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Engine Building Fundamentals: Installing Rings on Pistons

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Installing Rings on Pistons


00:00 - Once the ring end gaps are correctly set and checked it's time to place the rings onto the pistons.
00:06 There's a few aspects that we need to be careful of when performing this task, and without sufficient care it's quite easy to bend, or break a ring.
00:15 One of the key aspects we need to understand before going any further is how the rings will be orientated on the piston.
00:23 Each ring must be located in the correct ring groove with the correct side facing towards the top of the piston.
00:30 Furthermore though, we also want to align the ring end gaps correctly when we fit the rings onto the piston.
00:37 The aim here is to to align the ring gaps in a staggered pattern so that there's no direct path for blow-by gases to make it past the rings.
00:46 While it's always good practise to align the ring gaps, as we'll see shortly, in operation the piston rings will rotate in the ring grooves so they won't remain stationary when the engine is in use.
00:59 At this point we should already have our ring packs assigned to a particular cylinder, and we should know which is the top ring, and which is the second.
01:08 Often, the rings will be different in thicknesses, which means they'll only fit in a specific location anyway.
01:14 However, alternatively, the ring manufacturer may label the rings to avoid any confusion.
01:21 Let's start by getting the rings facing up the right way.
01:25 You will notice that the ring will have an identifying mark such as a dot on one face, and this always faces towards the top of the piston.
01:33 When it comes to the oil control ring, the rails are not marked, and these are symmetrical, which means that they can be fitted in either orientation.
01:42 The oil control expander, however, should be fitted with the ends facing towards the bottom of the piston, as you can see here.
01:50 It's also critical, when you fit the oil control expander into the piston, that the ends are butted together properly, and not overlapping.
01:59 Now that we have our rings in the correct order and facing the correct way, we can go ahead and fit them onto the piston.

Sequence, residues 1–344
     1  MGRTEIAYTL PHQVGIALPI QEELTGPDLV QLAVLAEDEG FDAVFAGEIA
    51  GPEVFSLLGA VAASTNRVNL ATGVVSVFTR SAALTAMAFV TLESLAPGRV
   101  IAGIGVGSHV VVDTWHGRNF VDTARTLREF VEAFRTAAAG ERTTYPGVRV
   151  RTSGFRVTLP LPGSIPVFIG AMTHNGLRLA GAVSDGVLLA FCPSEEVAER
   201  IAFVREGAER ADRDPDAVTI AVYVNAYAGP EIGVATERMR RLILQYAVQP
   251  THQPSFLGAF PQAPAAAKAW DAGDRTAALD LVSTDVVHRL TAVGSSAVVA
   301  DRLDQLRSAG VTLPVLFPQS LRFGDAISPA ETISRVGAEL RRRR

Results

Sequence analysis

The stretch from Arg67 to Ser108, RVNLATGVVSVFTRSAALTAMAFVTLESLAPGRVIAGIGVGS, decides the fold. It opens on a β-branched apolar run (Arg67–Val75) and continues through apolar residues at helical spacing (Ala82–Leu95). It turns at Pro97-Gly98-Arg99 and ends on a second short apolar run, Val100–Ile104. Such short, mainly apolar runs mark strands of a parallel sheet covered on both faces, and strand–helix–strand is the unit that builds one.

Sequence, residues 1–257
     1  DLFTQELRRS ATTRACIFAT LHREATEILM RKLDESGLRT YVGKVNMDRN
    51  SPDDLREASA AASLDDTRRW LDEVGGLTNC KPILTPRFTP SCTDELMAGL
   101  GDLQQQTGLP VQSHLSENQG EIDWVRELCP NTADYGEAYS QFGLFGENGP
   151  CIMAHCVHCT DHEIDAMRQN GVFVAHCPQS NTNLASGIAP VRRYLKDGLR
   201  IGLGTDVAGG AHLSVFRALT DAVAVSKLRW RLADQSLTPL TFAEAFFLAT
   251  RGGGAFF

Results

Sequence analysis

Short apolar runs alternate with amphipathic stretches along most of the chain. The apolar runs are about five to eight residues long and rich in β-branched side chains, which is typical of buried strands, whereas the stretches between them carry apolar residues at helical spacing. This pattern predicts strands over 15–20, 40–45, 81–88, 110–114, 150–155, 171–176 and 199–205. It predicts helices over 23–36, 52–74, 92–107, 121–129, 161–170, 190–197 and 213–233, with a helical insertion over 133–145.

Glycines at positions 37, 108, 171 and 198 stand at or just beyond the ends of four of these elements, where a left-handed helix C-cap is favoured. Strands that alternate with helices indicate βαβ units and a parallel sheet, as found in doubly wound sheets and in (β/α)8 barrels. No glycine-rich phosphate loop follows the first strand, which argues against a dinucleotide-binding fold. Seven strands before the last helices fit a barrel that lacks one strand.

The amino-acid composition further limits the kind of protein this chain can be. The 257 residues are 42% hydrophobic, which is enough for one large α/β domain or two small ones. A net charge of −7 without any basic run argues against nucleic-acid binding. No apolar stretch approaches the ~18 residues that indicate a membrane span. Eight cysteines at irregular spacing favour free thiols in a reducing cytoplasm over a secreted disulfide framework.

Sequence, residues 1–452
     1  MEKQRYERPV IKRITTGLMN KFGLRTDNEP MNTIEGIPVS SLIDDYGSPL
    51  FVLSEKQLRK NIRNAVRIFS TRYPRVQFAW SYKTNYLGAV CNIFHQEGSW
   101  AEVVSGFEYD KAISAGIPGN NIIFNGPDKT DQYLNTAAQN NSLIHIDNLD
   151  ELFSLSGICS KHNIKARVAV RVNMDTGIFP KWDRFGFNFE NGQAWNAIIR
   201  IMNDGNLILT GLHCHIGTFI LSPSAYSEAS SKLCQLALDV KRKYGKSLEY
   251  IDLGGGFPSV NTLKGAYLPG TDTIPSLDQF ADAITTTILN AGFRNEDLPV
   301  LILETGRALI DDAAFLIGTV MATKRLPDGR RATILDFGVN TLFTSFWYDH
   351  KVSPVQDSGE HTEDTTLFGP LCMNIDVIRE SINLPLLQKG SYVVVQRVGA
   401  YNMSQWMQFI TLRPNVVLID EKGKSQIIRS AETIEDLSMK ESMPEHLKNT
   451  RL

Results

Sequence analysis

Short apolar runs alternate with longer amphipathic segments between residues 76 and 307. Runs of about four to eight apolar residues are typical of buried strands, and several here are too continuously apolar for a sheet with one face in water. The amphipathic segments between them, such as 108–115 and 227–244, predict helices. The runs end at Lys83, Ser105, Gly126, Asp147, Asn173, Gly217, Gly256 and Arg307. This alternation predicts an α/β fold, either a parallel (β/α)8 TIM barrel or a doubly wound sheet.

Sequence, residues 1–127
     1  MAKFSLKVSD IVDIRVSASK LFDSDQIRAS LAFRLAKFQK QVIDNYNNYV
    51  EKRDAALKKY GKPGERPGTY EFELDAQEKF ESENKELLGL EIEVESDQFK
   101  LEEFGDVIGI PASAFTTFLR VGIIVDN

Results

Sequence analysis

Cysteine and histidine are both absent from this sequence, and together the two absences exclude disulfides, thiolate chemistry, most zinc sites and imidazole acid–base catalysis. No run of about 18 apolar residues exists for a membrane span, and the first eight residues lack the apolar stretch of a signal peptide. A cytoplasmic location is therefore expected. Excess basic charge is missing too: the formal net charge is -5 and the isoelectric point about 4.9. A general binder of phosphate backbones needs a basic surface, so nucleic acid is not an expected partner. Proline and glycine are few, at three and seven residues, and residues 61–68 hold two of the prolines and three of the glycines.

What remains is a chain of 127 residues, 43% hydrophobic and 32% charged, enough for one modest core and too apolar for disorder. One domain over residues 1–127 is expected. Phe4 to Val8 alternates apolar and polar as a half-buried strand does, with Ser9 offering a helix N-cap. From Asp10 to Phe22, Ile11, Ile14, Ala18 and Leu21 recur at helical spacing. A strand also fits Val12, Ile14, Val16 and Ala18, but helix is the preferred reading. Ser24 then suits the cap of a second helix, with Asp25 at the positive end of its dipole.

02:06 Before we do this, let's look at the correct alignment for the end gap on each ring.
02:12 This diagram is a view looking down on the top of the piston, which we can use for reference in any inline or V-configuration engine.
02:21 We start from the bottom of the piston with the oil control ring expander as the first ring to be installed.
02:28 This should be installed with the end gap located at approximately 90 degrees as shown.
02:35 The oil control rails can be installed next, starting with the top rail, and then the bottom rail.
02:42 Since these rails are very thin, these are quite easy to install by hand.
02:47 The process I use is to locate the end of the rail in the ring groove, and then gently spiral the rail into location.
02:54 We want to locate the top oil rail end gap at approximately 240 degrees, and the bottom rail end gap at approximately 300 degrees.
03:05 It's quite easy to make small adjustments to the final end gap location after the rails are installed, so we don't need to have them perfect right away.
03:14 Before we move onto the compression rings, we want to confirm that the expander end gap is correctly butted and not overlapping.
03:23 Now we can fit the second ring, and while it's possible to fit the compression rings by hand, a ring expander is a cheap and worthwhile investment to prevent damage to the rings during installation and removal.
03:36 This tool gently grabs the ring and expands it so that it can be easily installed over the piston.
03:42 It also helps to keep the ring flat and straight during installation, again helping to prevent damage.
03:50 If you're going to install the piston rings by hand, then you want to start by laying the piston ring on the top of the piston.
03:58 Place a thumb into each side of the ring end gap, and gently expand the ring while holding it flat against the piston with your fingers.
04:06 This helps reduce the chance of the ring twisting and becoming damaged as it's expanded.
04:13 Once the ring is expanded far enough to slip over the piston, it can be moved gently down, and located in the ring groove.
04:21 Regardless whether we're using a ring expander, or fitting the rings by hand, we want to ensure that the rings are only expanded the bare minimum to slip over the piston.
04:31 Also, be careful not to damage the piston with the ring as it's installed, since the ring is much harder than the alloy of the piston, and the ring ends in particular can be quite sharp.
04:44 Referring back to our diagram again, we can see that the second ring end gap should be located at approximately 270 degrees, and the top ring end gap should be located at approximately 90 degrees.
04:58 In some instances where the wrist pin is fitted high on the piston, it may intersect the oil control ring and in this case, your ring set will include an oil control ring support rail, which needs to be fitted on the bottom of the oil control ring groove.
05:14 These rails provide support where the ring groove has been cut away to allow the wrist pin fitment.
05:21 The support rail will have an anti-rotation dimple on it, which needs to face downwards, and this should be aligned to intersect with the cutaway in the ring groove, hence preventing the rail from moving in operation.

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